TOPSHAM — A group trying to save the Frank J. Wood Bridge said it will appeal a federal court ruling that backed the Maine Department of Transportation’s bid to replace the span linking Topsham and Brunswick.

A Maine transportation department spokesperson confirmed Monday that an appeal could further delay the estimated $21.8 million bridge replacement.

In an effort to save the 89-year-old truss bridge, Friends of the Frank J. Wood Bridge, National Trust for Historic Preservation and the Historic Bridge Foundation sued in September 2019.

The plaintiffs alleged the Federal Highway Administration and Maine Department of Transportation relied on inaccurate information to artificially inflate the projected costs of rehabilitating the existing bridge that MDOT has categorized as structurally deficient.

MDOT maintains that building a new bridge would be more cost-effective than rehabilitating the current structure, which carries Route 201 and Route 24 traffic over the Androscoggin River.

U.S. District Judge Lance Walker’s ruling was filed in U.S. District Court in Portland on Feb. 3. In his decision, Walker notes that, despite his ruling, he was skeptical about some individual cost components MDOT cited.

For example, Walker writes that MDOT was “careful to discount cost estimates when it comes to its preferred project alternative,” to address the bridge, which is the construction of a new bridge upriver from the existing bridge.

While stating there may be “exaggeration” in a couple of cost estimates, Walker doesn’t believe it changes the overall finding that a new bridge is less expensive to maintain in the long run.

“In short, there is nothing at all irrational about the agencies’ decision to look at the Frank J. Wood Bridge Project the way they did, let alone anything on the order of caprice that would warrant my rejection of the agencies’ refusal to commit to inordinate future spending necessary to keep the Frank J. Wood Bridge in service,” said Walker in a 40-page ruling.

“We are pleased with the court’s favorable ruling regarding the replacement of the Frank J. Wood Bridge,” said Paul Merrill, a spokesperson for the Maine Department of Transportation, in a statement.

The decision is “another chapter in more than four and a half years of combined federal process and lawsuit proceedings,” Merrill added.

“I’m delighted with the decision,” said Doug Bennett of Topsham, who served on the design advisory committee that worked with MDOT on the bridge design. “I think we need a new bridge and we need it as soon as possible and the lawsuit was getting in the way of getting along with the building of a new bridge.”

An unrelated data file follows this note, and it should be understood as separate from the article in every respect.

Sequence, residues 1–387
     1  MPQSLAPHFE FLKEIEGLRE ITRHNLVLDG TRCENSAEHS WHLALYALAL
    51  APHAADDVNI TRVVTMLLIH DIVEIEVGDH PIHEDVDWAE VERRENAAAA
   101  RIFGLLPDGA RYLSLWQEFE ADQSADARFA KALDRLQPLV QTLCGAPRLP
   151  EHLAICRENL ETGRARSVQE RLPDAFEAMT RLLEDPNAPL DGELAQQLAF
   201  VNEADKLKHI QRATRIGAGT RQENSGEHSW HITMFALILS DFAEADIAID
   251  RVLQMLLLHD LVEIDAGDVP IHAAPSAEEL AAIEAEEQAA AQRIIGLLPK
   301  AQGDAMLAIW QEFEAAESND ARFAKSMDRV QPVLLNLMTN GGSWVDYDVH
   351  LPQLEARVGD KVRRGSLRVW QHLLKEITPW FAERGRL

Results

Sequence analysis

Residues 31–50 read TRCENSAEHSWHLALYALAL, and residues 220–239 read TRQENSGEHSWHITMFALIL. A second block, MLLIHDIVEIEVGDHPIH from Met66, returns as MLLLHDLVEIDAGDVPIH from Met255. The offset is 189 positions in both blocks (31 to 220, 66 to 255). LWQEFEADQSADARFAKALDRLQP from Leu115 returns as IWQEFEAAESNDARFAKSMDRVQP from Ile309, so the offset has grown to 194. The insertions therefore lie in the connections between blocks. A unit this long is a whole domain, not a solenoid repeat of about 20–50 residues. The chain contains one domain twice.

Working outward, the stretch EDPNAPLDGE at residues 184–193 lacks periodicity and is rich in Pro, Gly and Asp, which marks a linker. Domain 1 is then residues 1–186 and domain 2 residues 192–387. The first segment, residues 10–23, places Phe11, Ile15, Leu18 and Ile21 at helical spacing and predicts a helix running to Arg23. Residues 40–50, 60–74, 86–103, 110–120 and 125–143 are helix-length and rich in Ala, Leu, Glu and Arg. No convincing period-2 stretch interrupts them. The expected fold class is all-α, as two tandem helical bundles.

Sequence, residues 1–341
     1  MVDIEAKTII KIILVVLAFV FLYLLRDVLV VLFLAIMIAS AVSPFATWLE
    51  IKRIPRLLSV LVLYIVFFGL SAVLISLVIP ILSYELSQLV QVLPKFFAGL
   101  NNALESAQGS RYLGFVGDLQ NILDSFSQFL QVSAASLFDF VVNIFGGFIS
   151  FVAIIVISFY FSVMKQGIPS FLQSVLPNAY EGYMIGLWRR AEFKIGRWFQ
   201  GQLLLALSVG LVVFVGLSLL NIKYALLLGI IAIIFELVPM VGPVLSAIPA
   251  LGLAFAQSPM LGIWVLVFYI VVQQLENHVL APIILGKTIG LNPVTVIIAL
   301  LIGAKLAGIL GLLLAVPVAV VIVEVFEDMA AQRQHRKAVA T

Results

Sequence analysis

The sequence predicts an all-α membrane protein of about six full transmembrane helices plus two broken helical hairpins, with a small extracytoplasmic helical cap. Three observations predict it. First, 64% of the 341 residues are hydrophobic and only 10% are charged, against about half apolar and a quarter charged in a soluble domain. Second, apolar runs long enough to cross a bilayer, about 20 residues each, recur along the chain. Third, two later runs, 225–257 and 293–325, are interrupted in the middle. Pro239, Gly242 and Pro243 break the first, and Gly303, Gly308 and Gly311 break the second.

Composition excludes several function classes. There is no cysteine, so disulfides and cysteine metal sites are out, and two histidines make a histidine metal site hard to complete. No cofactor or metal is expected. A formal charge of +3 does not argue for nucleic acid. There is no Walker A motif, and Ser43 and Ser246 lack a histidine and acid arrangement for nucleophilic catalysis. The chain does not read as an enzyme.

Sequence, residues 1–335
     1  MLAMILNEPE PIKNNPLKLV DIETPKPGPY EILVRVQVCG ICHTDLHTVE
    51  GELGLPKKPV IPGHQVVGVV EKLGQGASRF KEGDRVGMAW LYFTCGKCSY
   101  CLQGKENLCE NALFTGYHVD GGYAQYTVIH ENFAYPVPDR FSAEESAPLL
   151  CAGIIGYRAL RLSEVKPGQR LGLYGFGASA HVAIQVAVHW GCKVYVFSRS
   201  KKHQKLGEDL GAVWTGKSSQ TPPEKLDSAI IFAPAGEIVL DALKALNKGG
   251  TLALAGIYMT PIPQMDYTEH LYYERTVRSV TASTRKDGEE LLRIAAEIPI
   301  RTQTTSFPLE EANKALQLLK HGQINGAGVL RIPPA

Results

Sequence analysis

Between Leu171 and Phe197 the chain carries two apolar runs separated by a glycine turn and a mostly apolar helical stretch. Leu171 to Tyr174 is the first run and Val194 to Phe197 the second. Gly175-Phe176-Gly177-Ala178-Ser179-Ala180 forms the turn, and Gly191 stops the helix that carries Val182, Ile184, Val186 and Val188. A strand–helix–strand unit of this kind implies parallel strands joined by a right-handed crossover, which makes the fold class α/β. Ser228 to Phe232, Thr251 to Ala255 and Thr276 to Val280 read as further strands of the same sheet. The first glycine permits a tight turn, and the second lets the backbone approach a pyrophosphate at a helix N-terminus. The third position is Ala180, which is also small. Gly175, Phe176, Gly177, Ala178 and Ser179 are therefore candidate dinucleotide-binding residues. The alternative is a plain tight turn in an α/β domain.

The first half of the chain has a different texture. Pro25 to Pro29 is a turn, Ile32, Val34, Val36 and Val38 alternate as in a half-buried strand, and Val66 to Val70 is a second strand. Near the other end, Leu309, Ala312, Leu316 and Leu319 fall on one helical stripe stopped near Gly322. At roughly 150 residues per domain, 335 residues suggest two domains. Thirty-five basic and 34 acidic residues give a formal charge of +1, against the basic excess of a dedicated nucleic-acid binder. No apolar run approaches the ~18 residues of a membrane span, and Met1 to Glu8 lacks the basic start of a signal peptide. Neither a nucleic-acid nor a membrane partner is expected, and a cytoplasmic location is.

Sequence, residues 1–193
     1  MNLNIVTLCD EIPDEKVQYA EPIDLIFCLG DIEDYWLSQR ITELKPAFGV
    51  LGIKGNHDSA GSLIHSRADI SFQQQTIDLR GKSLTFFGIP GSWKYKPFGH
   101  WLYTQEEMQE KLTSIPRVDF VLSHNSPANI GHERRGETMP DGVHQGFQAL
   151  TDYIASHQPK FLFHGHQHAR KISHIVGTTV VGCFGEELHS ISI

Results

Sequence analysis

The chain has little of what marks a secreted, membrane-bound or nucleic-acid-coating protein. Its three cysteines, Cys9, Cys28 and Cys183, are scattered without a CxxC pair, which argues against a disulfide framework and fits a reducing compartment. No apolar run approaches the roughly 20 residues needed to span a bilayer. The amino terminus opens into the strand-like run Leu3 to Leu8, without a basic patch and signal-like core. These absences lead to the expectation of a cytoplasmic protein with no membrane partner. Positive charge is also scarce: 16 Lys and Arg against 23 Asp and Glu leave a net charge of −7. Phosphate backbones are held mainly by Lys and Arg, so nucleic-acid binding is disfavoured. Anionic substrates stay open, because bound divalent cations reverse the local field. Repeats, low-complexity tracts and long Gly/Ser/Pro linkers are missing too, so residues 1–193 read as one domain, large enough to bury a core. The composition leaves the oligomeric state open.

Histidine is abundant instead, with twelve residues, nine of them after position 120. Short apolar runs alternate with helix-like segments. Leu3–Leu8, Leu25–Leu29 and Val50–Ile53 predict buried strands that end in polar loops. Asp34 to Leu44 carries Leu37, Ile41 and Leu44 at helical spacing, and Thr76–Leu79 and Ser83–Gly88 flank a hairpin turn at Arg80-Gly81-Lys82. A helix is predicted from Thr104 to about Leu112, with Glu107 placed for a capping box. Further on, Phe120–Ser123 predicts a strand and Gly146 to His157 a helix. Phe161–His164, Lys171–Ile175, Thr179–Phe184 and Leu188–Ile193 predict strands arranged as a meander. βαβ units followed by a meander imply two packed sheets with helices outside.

Bennett said it is a bridge that will connect people in one densely settled commercial area to another in Brunswick and Topsham. He said a new bridge wouldn’t disrupt the economic health of either town because it doesn’t require a temporary bridge or detour.

John Graham of Topsham, a spokesperson for the Friends of the Frank J. Wood Bridge, said Friday that the group is disappointed with the decision and will file an appeal shortly. He believes the appeal will be filed in federal court in Boston.

“We appreciate Judge Walker’s numerous statements acknowledging that MDOT had exaggerated the costs of rehabilitating the bridge and understated the cost of building a new bridge, but disagree with his overall conclusion,” Graham said in a statement.

Graham said the Friends of the Frank J. Wood Bridge strongly believe rehabilitation will “substantially cost less.”

For example, the ruling notes that the MDOT has determined a rehabilitated bridge should be painted every 20 years and estimated each painting to cost $4 million. The plaintiffs argue that is excessive given DOT accepted in 2016 a $2.7 million low bid for a similar bridge project.

The crux of the matter, Graham said, is that MDOT wants to do any rehabilitation project right, “and they want to apply a Cadillac, top-of-the-line maintenance program to it over the next 75 years when over the last 75  years, they haven’t done anything but mess it up.”

The state estimated it would cost $15 million to $17 million to renovate the bridge, with service-life costs exceeding $35 million. Friends of the Frank J. Wood Bridge had proposed leaving the structure as is and reinforcing it with steel.

In  2020, $19.8 million was budgeted for the bridge replacement in MDOT’s three-year work plan. Merrill said in July 2020 there are many factors that have driven up the cost of the project, included an extended review process. The project was initially slated to start in 2019.

Currently, the total estimated bridge replacement cost is $21.8 million for engineering and construction, according to Merrill. The department still plans to advertise for bids in July so construction could begin late this fall. However, “future legal action could lead to continued delays and continued price increases.”

Merrill said he can’t put a dollar amount to how much the state has spent on the lawsuit so far, in part because the state has its own attorneys on staff to handle the case.


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